Spreading dynamics in a cattle trade network: Size, speed, typical profile and consequences on epidemic control strategies

By Aurore Payen, Lionel Tabourier and Matthieu Latapy

PLOS ONE, 2019

Abstract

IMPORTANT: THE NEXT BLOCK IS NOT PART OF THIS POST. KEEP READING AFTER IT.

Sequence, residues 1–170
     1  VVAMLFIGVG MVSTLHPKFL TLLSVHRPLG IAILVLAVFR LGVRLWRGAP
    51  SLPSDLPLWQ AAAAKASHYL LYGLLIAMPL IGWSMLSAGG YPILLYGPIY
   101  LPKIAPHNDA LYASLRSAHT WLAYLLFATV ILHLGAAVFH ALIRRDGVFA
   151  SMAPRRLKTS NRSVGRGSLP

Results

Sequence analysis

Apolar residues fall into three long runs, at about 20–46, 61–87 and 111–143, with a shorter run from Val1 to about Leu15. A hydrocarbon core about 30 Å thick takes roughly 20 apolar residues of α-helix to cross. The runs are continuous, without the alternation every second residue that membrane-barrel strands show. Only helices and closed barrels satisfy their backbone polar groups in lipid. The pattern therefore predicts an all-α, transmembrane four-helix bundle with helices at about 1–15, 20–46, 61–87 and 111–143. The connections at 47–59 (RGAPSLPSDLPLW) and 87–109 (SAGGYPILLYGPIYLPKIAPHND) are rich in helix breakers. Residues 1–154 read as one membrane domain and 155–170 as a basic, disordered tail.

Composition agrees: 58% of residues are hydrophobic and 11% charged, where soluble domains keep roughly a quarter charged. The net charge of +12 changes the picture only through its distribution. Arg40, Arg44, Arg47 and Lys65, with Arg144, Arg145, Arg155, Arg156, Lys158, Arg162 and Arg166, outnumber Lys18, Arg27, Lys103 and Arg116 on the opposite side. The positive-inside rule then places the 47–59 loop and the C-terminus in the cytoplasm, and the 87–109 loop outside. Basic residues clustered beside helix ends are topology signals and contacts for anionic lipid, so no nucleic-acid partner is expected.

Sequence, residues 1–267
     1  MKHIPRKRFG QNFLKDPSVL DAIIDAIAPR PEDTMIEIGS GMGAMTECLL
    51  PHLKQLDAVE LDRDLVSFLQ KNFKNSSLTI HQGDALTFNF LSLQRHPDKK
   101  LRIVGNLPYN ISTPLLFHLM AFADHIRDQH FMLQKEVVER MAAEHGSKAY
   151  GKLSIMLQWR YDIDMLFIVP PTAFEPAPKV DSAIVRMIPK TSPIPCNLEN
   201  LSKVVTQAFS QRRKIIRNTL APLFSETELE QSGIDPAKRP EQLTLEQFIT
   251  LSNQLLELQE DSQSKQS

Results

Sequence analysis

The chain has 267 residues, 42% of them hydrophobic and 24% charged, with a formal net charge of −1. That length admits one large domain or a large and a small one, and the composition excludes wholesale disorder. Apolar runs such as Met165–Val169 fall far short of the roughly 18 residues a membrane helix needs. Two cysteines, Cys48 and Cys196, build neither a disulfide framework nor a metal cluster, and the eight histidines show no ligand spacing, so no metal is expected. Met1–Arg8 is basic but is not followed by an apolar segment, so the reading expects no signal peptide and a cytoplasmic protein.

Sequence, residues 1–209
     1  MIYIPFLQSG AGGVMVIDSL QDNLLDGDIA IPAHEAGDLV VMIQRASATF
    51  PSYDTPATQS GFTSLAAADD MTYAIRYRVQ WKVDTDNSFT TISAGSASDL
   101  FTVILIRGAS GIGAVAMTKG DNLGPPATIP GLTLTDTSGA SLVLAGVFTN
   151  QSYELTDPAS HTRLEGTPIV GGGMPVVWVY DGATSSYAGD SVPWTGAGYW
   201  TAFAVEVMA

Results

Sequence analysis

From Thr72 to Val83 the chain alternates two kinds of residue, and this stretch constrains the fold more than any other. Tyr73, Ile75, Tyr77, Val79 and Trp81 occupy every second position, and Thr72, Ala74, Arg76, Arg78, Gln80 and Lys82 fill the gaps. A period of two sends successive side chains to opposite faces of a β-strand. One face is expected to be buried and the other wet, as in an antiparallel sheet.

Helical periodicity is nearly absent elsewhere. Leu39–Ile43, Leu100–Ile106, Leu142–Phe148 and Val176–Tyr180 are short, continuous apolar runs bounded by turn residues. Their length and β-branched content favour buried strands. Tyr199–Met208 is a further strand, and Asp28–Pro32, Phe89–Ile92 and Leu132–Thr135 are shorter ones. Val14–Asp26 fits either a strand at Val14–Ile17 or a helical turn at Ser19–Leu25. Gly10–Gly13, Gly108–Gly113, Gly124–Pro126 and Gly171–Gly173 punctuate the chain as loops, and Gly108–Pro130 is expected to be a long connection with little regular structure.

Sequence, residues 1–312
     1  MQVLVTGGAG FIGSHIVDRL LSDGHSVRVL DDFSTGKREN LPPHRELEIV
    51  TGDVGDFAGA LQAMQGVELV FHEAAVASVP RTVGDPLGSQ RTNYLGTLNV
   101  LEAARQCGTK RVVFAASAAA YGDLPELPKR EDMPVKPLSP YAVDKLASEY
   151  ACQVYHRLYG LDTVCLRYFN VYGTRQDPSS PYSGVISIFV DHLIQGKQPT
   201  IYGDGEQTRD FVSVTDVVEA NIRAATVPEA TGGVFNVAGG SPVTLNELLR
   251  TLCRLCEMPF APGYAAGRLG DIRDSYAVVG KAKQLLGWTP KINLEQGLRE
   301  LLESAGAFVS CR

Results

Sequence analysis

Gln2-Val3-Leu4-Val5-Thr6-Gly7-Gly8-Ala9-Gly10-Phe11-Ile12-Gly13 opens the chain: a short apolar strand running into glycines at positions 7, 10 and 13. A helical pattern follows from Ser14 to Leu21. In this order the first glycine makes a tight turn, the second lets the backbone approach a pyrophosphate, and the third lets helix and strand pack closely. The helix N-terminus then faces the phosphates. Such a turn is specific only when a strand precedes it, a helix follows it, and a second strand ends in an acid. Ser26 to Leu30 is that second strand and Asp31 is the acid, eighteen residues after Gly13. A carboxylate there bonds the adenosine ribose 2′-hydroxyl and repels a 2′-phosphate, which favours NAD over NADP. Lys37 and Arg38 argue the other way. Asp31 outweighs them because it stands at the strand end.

Infections can spread among livestock notably because infected animals can be brought to uncontaminated holdings, therefore exposing a new group of susceptible animals to the dis- ease. As a consequence, the structure and dynamics of animal trade networks is a major focus of interest to control zoonosis. We investigate the impact of the chronology of animal trades on the dynamics of the process. Precisely, in the context of a basic SI model spread- ing, we measure on the French database of bovine transfers to what extent a snapshot- based analysis of the cattle trade networks overestimates the epidemic risks. We bring into light that an analysis taking into account the chronology of interactions would give a much more accurate assessment of both the size and speed of the process. For this purpose, we model data as a temporal network that we analyze using the link stream formalism in order to mix structural and temporal aspects. We also show that in this dataset, a basic SI spread- ing comes down in most cases to a simple two-phases scenario: a waiting period, with few contacts and low activity, followed by a linear growth of the number of infected holdings. Using this portrait of the spreading process, we identify efficient strategies to control a potential outbreak, based on the identification of specific elements of the link stream which have a higher probability to be involved in a spreading process.

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